We wrap up our coverage for this month with two stories on International Women’s Day, observed on March 8 every year. The first of the two stories finds out how labouring women workers commemorated it this March.
Among the savarna middle classes in Bengaluru, International Women’s Day on March 8 is celebrated with marathons and rallies, discounts in supermarkets, and ladies’ nights at pubs.
What is often swept under the label of ‘women empowerment’ is the history of Women’s Day as that of workers and their unionisation.
It was first proposed and celebrated in 1910 during the second International Conference of Working Women, by Clara Zetkin, a German Marxist, to press for better pay, shorter working hours, and voting rights for women.
Women’s Day has been a consequence of struggles both inside homes and on the streets for women’s right to work, to vote, to speak and be heard.
In a country where only 2% of women are employed — and among them, 95% in the informal sector — it is crucial that Women’s Day commemorates their struggles at work, especially after the diabolical impact of the COVID lockdown.
A lot of women workers come from dalit-bahujan backgrounds and suffer not just sexism, but also casteism at the workplace. Also, large numbers of women do sex work, garment work, domestic work, waste collection — work that is at the margins of not only society but also policy and popular imagination.
Commemoration instead of ‘celebration’
Pushpa Achanta, Associate Director at the NGO Solidarity Foundation that works for the dignity of sex workers and gender and sexual minorities, says there is often very little to celebrate. She suggests that if March 8 must be about anything at all, it should be about commemorating women’s struggles.
Hasiru Dala, a social impact organisation working with waste pickers, held two events for Women’s Day. At the online event on March 4, five women operators from Dry Waste Collection Centres were asked to share their experiences with other members.
On March 8, in an event at Rajahmundry, the organisation gave ID cards to 200 waste workers so as to formalise what is otherwise caste-stigmatised informal work. Games and other activities were also held.
Archana V of Hasiru Dala says, “For this type of work, lower-caste and lower-class women only join… Last year was very tough for waste pickers because they earn only if they are on the road that day.”
Nagamma, from Karuna Domestic Workers’ Welfare Trust, said they organised an event on March 8 in collaboration with BBMP. Around 100 domestic workers gathered for activities like rangoli and lemon-and-spoon game. The organisers had to reduce participants’ numbers from 300 to 100 because of COVID restrictions.
Nagamma says, “Some were happy about the gathering, but the response is mixed and complex. Some complain about the difficulties they face — such as half-salaries or unemployment — when we call them for gatherings like this”.
Kumaresan, the president of APMC Yard Mahila Karmikara Sangha, spoke about the struggles of the women who do cleaning work in Yeshwanthpur APMC yard.
“What to do? No food. No work. Anyway, their life is only about working and feeding their family.”Kumaresan, President, APMC Yard Mahila Karmikara Sangha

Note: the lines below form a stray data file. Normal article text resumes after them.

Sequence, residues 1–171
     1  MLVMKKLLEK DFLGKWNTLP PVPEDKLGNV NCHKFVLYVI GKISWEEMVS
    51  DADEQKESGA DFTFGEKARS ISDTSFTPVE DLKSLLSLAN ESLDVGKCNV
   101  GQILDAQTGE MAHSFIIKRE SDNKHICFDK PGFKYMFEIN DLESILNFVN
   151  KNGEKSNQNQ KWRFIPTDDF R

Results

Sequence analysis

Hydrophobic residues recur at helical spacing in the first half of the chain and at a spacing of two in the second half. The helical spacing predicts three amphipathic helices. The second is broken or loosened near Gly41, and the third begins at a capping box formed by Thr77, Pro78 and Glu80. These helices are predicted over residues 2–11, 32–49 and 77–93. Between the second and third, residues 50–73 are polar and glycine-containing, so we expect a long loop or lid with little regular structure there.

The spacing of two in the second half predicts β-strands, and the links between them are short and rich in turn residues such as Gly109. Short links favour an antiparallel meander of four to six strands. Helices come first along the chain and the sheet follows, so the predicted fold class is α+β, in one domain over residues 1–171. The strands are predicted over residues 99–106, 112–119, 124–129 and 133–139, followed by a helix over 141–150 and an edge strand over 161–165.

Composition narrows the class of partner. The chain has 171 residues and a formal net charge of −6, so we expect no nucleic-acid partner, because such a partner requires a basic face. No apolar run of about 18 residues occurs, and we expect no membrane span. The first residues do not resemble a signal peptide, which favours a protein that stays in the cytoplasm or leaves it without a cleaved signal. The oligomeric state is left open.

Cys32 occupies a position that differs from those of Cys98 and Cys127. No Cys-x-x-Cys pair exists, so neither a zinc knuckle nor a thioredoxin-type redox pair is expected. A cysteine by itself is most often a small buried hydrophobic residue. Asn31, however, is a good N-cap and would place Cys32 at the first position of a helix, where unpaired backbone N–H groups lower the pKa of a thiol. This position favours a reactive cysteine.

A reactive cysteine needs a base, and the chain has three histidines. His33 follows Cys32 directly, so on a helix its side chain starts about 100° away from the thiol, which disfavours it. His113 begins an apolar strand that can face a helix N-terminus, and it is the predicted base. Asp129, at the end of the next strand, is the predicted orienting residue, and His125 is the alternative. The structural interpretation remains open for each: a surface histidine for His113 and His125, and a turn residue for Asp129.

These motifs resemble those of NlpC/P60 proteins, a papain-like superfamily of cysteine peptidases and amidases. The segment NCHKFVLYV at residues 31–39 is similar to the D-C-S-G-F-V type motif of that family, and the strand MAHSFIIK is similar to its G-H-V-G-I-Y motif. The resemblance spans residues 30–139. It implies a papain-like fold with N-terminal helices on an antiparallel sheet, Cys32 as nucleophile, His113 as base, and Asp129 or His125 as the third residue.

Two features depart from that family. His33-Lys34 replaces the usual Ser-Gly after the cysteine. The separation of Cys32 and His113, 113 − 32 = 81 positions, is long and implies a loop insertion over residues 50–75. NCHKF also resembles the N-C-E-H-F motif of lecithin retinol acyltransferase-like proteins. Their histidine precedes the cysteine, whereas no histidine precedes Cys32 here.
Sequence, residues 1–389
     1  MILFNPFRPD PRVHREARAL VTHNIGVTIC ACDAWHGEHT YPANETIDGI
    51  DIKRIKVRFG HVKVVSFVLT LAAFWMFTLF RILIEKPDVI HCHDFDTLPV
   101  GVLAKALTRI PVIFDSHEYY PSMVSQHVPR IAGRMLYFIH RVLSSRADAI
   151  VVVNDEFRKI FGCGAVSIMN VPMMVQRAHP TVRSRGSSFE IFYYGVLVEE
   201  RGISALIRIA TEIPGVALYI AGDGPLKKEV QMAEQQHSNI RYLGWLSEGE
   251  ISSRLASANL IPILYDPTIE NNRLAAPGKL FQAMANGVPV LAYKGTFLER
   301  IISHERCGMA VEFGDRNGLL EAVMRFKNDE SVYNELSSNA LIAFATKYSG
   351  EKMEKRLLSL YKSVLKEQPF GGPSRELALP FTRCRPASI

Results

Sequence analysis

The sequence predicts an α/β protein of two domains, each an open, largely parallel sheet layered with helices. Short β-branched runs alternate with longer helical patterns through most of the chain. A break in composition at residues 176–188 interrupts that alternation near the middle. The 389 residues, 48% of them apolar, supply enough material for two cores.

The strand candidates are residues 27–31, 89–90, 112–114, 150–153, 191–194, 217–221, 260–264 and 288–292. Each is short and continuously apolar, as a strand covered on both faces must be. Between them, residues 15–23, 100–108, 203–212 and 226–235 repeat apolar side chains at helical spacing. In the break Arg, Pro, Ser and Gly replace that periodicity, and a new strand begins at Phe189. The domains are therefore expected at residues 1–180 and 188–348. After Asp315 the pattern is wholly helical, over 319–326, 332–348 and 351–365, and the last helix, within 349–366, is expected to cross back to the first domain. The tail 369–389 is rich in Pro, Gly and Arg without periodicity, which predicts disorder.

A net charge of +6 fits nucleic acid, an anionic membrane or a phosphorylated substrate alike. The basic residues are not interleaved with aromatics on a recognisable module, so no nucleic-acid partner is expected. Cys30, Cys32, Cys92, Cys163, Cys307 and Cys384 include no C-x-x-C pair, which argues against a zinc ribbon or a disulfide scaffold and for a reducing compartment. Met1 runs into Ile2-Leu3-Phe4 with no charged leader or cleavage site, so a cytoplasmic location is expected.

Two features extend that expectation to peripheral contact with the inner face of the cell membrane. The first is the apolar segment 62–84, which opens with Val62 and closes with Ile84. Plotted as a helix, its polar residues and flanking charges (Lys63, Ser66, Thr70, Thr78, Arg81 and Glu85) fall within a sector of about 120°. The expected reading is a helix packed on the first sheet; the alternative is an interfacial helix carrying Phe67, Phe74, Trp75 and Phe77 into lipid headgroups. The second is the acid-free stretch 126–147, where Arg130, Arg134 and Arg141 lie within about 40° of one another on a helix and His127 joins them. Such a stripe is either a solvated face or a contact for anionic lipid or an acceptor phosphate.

He said the women face dire working conditions and get no holidays at all. Nonetheless, the Sangha organised an event in their office by collecting small donations of Rs 10, Rs 20 or Rs 30 from members. The women were invited for a small gathering with food on the evening of March 8.
As he was speaking about the State’s neglect towards this section of workers, Kumaresan said to me, “You are the State”. He explained, “All college-going men, women, they come to us and we share with them what we do, we help them, but we never receive any help from them. You are the State.”
Garment workers protested
For the Garment Labour Union (GLU), one of the first garment workers’ unions in Karnataka, Women’s Day is not a festival but a day of protest. More so this year, because labour laws were watered down during the lockdown and working conditions have worsened due to COVID regulations.
Earlier, the factories used to provide free transportation for workers, but this has been withdrawn and hence workers’ expenses have increased.
The women face a lot more stress, not only because of the harassment they face in factories but also because of expenses like rent and school fees.
The idea of “celebration” for the factory managers was to allow the workers to wear colourful clothes instead of uniforms in the week leading up to Women’s Day, and giving them sweets and roses.
To protest against this “festival”, GLU members refused to wear colourful clothes the whole week. Instead, they held a candlelight march named ‘Women in Black’.
After the march, they held an event to raise awareness on the history of Women’s Day and its importance for workers as well as on issues like gender equality and sensitivity. Discussions were held on the changing labour laws, labour rights, production pressure and sexual harassment in the workplace.
Can Women’s Day be inclusive of all women?
Perhaps, Women’s Day is too broad and too appropriated to really accommodate the concerns and issues of the most marginalised women.
Pushpa emphasized the importance of International Sex Workers’ Day, organised on March 3rd this year, as opposed to Women’s Day. Sister Nisha Mathew, Managing Trustee of Karuna Domestic Workers’ Welfare Trust, also told me that they engage with International Domestic Workers’ Day on June 16 with much more interest.
The lack of recognition for women’s work and their status as workers is probably why International Women’s Day has been reduced to free drinks and supermarket discounts.
Finally, in Pushpa’s words, “I think we should stop fooling ourselves into saying, ‘Despite everything, Happy Women’s Day’.”